Kent Anderson is the CEO of RedLink and RedLink Network, a past-President of SSP, and the founder of the Scholarly Kitchen. He has worked as Publisher at AAAS/Science, CEO/Publisher of JBJS, Inc., a publishing executive at the Massachusetts Medical Society, Publishing Director of the New England Journal of Medicine, and Director of Medical Journals at the American Academy of Pediatrics. Opinions on social media or blogs are his own.


18 Thoughts on "A Renowned Literary Author Self-Publishes"

Interesting post, Kent, though I have to wonder if being a well-known author makes it easier to self-publish. My assumption is that readers are probably more likely to pick up a self-published book by someone who is already well-known than a self-published book by a first time author. That is why I decided against self-publishing my first book. I knew that if I went that route only a handful of people would read it. I felt that having the imprimatur of an established publishing house would be important in getting my book more attention than it otherwise would, especially since I do not have the flexibility to fill in the roles traditionally occupied by publishers in terms of promotion.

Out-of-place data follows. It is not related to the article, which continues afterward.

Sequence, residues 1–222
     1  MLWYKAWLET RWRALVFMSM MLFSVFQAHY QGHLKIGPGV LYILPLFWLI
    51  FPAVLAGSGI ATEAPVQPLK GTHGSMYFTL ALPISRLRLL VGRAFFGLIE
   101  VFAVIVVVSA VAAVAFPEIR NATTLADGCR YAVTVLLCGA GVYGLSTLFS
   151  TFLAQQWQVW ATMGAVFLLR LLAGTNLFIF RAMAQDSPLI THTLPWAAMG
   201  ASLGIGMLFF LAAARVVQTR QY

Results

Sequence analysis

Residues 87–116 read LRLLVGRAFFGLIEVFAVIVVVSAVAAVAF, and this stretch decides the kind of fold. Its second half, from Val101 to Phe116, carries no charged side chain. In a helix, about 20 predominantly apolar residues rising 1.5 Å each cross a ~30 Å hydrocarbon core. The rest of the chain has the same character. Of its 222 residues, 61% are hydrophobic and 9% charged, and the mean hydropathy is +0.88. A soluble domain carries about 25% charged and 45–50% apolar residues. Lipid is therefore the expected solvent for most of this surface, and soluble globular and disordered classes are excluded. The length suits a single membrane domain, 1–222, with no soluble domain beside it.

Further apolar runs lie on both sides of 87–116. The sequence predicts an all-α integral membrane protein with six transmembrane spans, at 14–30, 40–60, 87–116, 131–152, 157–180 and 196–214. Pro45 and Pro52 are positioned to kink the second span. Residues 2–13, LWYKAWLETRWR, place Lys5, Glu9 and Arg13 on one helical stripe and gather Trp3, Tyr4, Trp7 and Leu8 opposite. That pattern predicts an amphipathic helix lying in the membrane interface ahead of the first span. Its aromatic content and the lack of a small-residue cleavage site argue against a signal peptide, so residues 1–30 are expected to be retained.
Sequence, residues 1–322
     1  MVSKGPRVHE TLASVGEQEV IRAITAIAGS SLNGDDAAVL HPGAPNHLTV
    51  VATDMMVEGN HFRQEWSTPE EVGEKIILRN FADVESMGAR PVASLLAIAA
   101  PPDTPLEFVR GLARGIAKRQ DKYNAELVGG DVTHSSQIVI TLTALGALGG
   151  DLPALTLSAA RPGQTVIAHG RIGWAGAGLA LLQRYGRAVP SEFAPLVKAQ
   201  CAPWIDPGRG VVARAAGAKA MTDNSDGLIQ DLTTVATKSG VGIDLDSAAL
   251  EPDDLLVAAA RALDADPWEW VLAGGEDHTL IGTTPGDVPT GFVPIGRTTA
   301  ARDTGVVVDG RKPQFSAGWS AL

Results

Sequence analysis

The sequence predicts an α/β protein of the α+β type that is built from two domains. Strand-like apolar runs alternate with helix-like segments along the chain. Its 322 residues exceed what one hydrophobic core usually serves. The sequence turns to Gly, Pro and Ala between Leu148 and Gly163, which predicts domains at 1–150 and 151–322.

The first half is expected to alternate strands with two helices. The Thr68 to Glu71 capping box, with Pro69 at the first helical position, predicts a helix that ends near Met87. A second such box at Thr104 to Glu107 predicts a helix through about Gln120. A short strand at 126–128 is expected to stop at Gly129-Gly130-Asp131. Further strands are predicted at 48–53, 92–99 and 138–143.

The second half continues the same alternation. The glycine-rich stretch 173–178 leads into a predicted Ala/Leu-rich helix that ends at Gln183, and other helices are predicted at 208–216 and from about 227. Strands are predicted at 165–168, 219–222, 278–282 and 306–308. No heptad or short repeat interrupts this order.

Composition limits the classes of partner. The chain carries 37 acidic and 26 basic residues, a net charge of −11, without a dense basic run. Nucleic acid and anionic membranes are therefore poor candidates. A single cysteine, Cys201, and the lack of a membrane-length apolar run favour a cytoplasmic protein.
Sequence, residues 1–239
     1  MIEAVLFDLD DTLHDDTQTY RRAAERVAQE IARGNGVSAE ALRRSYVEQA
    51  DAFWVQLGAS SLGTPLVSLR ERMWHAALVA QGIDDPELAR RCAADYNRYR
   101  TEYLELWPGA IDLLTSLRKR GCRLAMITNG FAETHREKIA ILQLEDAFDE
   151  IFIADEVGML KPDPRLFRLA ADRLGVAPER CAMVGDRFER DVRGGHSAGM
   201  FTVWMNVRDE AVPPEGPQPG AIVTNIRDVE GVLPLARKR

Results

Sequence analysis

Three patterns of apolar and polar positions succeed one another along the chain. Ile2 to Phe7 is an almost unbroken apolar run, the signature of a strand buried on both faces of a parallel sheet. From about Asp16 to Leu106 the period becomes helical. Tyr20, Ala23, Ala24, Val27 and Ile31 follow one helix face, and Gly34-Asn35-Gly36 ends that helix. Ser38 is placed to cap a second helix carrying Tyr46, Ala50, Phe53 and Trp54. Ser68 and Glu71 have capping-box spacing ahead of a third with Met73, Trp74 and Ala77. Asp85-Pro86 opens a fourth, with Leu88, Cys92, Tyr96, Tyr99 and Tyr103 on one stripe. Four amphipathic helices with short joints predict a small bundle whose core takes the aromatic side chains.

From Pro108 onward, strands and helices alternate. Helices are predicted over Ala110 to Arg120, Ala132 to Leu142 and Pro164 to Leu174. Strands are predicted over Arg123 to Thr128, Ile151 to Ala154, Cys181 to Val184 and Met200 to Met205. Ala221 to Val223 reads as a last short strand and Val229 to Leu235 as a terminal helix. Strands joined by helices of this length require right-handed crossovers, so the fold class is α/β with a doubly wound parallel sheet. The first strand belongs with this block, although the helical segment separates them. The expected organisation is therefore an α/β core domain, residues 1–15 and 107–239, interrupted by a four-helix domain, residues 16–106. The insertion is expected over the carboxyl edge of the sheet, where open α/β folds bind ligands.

Additionally, I chose against self-publishing because I knew my book would need the attention of an editor. True, editors can be hired, but (rightly or wrongly) I felt that a hired editor would not be as invested in making my book the best it could be since they did not have as much of an interest in it doing well/being well-received. For me, at least, working with an editor has been very important, and that is something I would have missed had I decided to just go ahead and self-publish.